EU Court of Justice rules that holiday pay calculations should include commission

In its judgment in Lock v British Gas Trading Ltd, The ECJ has held that commission should be included in the calculation of holiday pay in addition to basic salary.

21 May 2014

The Court of Justice of the European Union (ECJ) has today held that commission should be included in the calculation of holiday pay in addition to basic salary. This is the effect of its judgment handed down today in Lock v British Gas Trading Limited, in which it agreed with the Advocate General’s opinion.

The Advocate General delivered his opinion in December 2013 that, remuneration whilst on annual leave should include an amount to reflect commission that would have been earned, if the employee had not taken annual leave. In coming to this view, the Advocate General noted the case of Williams v British Airways. In that case the ECJ held that, holiday pay under the Directive should equate to normal remuneration where there are normal working hours, which includes not only basic salary but also remuneration intrinsically linked to the performance of the task required by the employment contract. 

The main principle is that employees should not be worse off because they have taken holiday. If they are, the risk is that employees will be deterred from taking their holiday entitlement, which would be contrary to the purpose of the directive.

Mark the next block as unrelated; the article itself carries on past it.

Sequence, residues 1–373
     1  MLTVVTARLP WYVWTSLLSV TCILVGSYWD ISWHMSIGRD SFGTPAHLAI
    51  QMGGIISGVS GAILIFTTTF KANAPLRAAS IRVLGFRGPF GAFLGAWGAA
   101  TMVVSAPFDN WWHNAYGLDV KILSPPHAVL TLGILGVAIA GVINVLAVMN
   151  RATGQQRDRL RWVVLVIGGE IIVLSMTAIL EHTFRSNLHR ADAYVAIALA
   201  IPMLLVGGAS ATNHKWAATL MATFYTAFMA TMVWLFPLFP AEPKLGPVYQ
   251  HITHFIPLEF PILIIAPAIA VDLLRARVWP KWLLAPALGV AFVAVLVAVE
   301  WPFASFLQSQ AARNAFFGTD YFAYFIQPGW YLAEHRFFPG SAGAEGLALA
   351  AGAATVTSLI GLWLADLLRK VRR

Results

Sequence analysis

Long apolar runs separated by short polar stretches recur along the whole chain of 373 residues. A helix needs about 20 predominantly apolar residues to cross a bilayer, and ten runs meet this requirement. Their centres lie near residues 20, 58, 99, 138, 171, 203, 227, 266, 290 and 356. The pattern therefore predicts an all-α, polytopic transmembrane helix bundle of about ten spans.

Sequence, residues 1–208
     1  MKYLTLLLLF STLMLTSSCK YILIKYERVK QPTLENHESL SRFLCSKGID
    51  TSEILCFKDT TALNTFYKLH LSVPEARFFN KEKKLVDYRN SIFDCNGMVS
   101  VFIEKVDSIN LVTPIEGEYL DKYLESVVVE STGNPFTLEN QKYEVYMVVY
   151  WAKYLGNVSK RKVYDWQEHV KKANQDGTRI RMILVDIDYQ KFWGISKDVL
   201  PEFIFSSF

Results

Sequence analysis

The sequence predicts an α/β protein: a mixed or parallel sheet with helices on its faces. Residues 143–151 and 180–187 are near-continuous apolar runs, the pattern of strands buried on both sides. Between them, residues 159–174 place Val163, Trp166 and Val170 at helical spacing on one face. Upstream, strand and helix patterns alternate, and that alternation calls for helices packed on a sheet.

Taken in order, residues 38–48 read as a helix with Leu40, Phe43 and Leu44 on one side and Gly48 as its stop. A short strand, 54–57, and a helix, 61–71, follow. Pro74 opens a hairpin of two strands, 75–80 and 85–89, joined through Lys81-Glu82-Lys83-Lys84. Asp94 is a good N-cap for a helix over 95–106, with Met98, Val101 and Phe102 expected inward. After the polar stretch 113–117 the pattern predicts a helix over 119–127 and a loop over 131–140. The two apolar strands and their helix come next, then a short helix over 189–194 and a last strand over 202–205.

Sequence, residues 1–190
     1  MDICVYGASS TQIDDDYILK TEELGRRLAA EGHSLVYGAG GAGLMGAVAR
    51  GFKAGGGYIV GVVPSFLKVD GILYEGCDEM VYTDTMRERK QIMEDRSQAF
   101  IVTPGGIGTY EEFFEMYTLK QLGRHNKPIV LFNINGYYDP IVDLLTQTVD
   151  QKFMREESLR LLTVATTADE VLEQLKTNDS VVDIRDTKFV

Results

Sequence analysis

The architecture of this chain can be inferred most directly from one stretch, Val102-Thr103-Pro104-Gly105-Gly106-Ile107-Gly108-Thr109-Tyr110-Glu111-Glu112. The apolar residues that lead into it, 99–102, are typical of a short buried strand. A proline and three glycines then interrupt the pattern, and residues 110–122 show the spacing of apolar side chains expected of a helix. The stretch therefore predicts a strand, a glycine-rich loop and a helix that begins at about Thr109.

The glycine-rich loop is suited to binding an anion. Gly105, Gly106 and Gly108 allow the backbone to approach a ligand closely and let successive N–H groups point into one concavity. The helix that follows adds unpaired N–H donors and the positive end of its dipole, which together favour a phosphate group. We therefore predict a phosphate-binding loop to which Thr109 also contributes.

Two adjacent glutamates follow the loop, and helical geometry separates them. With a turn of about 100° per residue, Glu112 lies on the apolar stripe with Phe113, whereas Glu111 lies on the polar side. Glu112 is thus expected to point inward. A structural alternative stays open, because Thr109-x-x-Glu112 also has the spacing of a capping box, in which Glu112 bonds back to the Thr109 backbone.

This decision today, which confirms the Advocate General's opinion, could have broad repercussions for employers, not only when calculating holiday pay in the future, but it could also result in significant liability for retrospective payments. Therefore, employers who have workers whose remuneration is made up of a basic salary and regular variable components directly linked to their work, for example, commission, should review the calculation of their holiday pay.

The question still to be resolved is how the commission element in respect of a period of holiday should be calculated. The Advocate General's view was that taking an average amount received by the employee over a representative period of for example, the previous 12 months, would be appropriate. However, this is for national courts to determine and further clarification of this issue is, therefore, needed. We are currently considering the implications of the decision and so please watch this space for an update.

If you would like more information, or specific advice, please contact Roger Bull or get in touch with your usual Burges Salmon contact.

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Roger Bull

Roger Bull Managing Partner

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